My advice is to attend some marketing training as this can make a big difference to your success. You need a marketing plan. There is a lot you can do yourself after you get the basics, maybe do the hack work and then pass it by an expert. You will need remarkable differences, a positioning statement, vision, mission statement, marketing strategy and marketing activities.

Web site

You need an I.T. person for the technical side but there is a lot of the design you can sort out for yourself. Giving something of value away free will draw people to your web site. Read up on the marketing side of web site design and explore other web sites to establish what works.

Training and development of company staff

Company staff need to be at the fore front of latest developments in the field.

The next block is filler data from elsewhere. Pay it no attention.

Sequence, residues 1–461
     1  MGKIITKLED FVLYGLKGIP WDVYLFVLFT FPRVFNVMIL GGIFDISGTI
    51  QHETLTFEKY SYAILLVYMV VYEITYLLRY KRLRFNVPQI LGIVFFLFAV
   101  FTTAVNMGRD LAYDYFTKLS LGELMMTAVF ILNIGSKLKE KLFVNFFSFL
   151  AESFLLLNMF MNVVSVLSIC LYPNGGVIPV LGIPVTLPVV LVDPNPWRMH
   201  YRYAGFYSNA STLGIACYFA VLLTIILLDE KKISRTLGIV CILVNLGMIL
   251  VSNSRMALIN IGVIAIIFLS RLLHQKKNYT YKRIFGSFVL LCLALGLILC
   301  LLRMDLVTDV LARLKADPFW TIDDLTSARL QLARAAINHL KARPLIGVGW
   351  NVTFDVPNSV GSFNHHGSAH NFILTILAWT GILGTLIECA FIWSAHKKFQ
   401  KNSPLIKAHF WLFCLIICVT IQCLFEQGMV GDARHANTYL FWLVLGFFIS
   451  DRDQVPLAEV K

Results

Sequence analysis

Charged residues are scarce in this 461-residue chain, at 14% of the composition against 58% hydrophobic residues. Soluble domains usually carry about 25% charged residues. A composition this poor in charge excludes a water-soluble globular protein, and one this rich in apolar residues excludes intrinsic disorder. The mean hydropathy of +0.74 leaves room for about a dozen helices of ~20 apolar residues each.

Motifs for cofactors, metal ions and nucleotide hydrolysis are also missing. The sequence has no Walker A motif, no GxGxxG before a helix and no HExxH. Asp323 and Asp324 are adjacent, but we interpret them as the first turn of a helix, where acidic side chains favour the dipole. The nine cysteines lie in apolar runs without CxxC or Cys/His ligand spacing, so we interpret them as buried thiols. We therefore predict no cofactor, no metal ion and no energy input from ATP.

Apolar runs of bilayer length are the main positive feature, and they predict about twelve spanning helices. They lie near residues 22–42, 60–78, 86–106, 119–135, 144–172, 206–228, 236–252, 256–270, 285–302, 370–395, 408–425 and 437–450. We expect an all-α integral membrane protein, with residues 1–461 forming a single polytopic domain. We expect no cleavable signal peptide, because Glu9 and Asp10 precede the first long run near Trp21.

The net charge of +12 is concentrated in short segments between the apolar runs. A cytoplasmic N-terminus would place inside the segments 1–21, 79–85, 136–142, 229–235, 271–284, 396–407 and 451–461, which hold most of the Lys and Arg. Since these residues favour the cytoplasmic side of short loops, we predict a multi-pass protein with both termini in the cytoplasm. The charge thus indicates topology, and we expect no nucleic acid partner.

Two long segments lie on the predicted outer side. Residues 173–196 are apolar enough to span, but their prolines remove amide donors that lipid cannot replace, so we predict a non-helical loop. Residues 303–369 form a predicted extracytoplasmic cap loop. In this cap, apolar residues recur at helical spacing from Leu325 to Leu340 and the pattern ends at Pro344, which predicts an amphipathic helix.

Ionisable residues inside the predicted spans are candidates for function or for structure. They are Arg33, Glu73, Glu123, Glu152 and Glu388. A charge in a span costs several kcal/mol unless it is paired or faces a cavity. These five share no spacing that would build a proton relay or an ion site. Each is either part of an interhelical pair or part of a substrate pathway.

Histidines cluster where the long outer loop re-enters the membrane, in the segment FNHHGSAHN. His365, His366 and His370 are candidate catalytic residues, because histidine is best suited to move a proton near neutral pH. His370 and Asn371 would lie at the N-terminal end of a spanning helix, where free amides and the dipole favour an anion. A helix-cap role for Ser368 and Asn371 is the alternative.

I chose to establish the company through an accountant. You can do it yourself a bit cheaper but I decided the stuffing around was not worth it. You need an accountant with realistic ideas about how much tax you should pay, better still if they have a business advisory and bookkeeping services.


Sometimes the smaller banks are a better proposition, for me, parking and being open on the weekends were important.


Your marketing knowledge will help you define your products. Based on my marketing training the 2 key success factors in business are to fill a need and differentiate yourself from others doing similar things. Find a niche and fill it. You have to do a needs analysis in your target market. You can do some of this yourself but I got 2 reasonable quotes from marketing consultants. Both involved focus group interviews. You need to do the things other consultants are getting a lot of work in plus have unique products others are not supplying.

Competitor intelligence

It always pays to know what the other blokes are up to.